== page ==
Agile Adoption and Culture Change

Agile adoptions are hard, in large part because they involve changes to the corporate culture, a task requiring huge effort and significant time. At the Agile Roots conference, I met Israel Gat and he shared a different approach: work with the existing culture; don’t try to change it.

There is no shortage of evidence that agile adoption usually involves culture change, and that this change is challenging. In the article Challenges of migrating to agile methodologies, published in Communications of the ACM, “Organizational Culture” tops the list of “Key issues in migrating to agile.” The article goes on to say:

Culture exerts considerable influence on decision-making processes, problem-solving strategies, innovative practices, information filtering, social negotiations, relationships, and planning and control mechanisms. Neither culture nor mind-sets of people can be easily changed, which makes the move to agile methodologies all the more formidable for many organizations.

Wille Fale states it more plainly, expecting that some blood will be involved:

I would dare to say that for Agile adoption to work, corporate culture and people have to change their values, and that is certainly not an easy thing unless there is an infusion of new blood and in some cases even some “blood letting” of people who remain obstacles and stuck in their old ways.

Israel Gat knows a thing or two about this topic. He led an agile transformation at BMC Software, in which a 1000 people adopted Scrum over the course of 4 years. In a keynote talk given at the recent Agile Roots conference, he outlined his approach to agile transformation. He recommends embracing and leveraging the existing culture, instead of trying to change it. In support of this approach, Israel cited Peter Drucker, who said: “… culture is singularly persistent…changing [organizational] behavior works only if it can be based on the existing culture.” For those who persist in trying to change their company’s culture, Israel pointed to work by Denison suggesting that such a change can take a decade or more to realize in a large organization.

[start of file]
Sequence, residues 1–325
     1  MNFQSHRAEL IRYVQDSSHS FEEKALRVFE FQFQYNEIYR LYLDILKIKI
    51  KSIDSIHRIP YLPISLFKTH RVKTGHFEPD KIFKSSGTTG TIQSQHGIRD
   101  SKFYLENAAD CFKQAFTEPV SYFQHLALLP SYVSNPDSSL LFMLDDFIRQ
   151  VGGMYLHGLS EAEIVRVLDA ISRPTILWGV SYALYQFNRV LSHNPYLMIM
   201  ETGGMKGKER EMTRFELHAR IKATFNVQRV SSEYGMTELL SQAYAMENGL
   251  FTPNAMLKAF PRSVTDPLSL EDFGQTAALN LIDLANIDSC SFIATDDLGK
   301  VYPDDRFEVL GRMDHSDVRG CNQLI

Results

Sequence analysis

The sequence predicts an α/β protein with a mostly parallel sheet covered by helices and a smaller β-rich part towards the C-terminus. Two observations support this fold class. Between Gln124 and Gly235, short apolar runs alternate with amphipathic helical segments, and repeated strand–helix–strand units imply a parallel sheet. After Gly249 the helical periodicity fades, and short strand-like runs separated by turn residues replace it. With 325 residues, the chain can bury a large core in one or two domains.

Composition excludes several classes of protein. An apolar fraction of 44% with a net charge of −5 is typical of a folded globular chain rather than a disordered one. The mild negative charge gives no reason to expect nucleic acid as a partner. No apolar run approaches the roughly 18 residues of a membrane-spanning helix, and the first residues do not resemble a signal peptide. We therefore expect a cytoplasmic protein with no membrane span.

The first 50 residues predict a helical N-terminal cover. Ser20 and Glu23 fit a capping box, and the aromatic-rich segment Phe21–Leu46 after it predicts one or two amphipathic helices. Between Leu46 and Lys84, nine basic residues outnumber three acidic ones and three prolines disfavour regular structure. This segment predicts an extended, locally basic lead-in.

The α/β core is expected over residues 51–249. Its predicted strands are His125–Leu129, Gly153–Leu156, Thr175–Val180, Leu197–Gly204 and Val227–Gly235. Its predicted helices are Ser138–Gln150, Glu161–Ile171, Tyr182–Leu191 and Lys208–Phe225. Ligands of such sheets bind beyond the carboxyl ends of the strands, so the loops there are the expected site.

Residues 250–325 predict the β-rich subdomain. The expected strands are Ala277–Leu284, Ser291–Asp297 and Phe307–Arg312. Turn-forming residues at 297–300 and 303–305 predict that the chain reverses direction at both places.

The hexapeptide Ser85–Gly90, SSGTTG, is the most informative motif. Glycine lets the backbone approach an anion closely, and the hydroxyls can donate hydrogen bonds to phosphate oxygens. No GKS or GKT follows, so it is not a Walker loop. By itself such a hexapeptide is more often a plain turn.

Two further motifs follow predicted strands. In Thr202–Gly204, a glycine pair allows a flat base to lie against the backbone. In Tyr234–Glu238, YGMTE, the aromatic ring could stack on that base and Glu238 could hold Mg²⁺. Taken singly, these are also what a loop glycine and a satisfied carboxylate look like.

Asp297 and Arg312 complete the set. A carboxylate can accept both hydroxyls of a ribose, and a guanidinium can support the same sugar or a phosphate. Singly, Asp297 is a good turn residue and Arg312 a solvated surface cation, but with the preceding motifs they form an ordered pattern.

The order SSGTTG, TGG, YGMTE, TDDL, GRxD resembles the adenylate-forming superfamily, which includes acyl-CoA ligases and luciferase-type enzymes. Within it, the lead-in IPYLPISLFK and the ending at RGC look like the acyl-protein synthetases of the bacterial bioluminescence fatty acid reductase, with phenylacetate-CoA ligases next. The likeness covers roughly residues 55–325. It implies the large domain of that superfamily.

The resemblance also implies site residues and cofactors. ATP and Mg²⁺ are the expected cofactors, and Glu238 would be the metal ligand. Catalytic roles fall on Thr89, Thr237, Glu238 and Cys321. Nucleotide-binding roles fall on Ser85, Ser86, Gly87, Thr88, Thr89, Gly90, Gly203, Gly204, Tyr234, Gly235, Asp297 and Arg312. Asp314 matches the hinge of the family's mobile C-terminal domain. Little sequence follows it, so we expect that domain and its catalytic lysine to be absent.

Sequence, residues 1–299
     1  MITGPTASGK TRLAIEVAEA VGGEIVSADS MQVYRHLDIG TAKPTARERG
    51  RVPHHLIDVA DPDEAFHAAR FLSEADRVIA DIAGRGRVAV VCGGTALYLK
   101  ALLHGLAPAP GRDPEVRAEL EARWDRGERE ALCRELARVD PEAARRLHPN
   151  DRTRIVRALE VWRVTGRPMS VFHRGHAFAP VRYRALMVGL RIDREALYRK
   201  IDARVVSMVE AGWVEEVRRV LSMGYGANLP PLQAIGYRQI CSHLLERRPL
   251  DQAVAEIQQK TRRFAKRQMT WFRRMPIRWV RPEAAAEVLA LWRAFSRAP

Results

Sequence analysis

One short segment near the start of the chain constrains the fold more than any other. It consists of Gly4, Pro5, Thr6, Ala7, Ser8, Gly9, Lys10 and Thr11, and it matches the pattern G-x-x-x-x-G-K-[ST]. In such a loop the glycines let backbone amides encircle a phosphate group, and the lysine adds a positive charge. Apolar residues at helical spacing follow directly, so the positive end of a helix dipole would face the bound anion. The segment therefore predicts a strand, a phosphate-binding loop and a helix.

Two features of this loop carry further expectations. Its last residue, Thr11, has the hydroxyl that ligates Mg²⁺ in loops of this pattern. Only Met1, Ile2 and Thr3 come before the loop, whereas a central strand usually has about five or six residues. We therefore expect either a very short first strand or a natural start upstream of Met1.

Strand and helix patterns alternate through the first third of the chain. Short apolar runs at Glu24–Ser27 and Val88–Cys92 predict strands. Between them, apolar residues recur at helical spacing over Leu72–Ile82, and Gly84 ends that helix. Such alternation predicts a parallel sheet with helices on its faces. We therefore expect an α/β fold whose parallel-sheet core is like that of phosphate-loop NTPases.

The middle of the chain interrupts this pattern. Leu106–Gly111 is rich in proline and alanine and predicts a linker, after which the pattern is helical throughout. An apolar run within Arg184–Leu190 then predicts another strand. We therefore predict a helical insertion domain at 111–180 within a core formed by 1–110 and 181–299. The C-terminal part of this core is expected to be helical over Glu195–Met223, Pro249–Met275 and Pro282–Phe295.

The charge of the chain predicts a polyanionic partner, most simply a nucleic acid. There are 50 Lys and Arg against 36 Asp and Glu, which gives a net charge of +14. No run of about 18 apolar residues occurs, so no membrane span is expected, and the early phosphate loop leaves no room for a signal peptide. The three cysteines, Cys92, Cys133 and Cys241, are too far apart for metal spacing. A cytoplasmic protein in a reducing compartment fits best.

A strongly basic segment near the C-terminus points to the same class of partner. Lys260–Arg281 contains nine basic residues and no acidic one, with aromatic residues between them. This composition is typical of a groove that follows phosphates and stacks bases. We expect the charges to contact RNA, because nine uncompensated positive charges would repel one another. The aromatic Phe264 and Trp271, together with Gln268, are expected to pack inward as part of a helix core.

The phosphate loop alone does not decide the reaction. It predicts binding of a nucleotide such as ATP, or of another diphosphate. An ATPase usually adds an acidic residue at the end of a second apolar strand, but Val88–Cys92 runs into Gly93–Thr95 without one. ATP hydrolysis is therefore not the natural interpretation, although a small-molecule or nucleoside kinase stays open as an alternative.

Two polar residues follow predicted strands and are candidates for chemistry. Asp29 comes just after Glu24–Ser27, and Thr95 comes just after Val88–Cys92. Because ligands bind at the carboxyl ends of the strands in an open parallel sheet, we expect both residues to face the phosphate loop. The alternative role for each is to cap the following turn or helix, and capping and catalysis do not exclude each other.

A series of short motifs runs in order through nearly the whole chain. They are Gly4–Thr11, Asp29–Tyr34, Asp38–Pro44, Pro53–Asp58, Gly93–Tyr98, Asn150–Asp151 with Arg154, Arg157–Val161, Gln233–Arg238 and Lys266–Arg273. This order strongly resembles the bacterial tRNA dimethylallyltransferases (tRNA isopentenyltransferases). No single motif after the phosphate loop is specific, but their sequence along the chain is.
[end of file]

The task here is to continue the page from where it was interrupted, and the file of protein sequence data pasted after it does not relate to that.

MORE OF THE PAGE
Israel presented a taxonomy that identified 4 types of cultures: Collaboration, Control, Cultivation, and Competence. A Collaboration culture, such as a family or athletic team, places a high value on affiliation. A control culture, such as the military, values power and control. A cultivation culture, such as a religious institution, values self-actualization. A competence culture, such as a university, values achievement.

Israel suggested that a company considering an agile adoption should identify what type of culture exists, and what the strengths of that culture are. A key part of this examination is to determine the data that the culture pays attention to, and the processes by which decisions are made. Once the culture, and it’s strengths are identified, they can be put to work to help the organization adopt agile practices.

What are your experiences with behavioral and cultural change as part of an agile adoption? Leave a comment and share.

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One Comment

  1. Ryan Martens
    Posted July 14, 2009 at 2:33 pm | Permalink

    Chris,
    Nice coverage on this critical topic. I think Israel’s work around a social contract should be your next topic. (http://theagileexecutive.com/2009/02/03/a-social-contract-for-agile/) I believe that is skipped by too many organizations trying to scale agile.
    It is akin to leaving release planning or iteration planning without a team commitment to the goal. In both cases without commitment, you get sloppy and it make “doing” the plan hard.
    By aligning with the culture and making a social contract with the organization, you are well on your way to an easy process to successfully scale agile.
    I hope that make sense?
    Ryan

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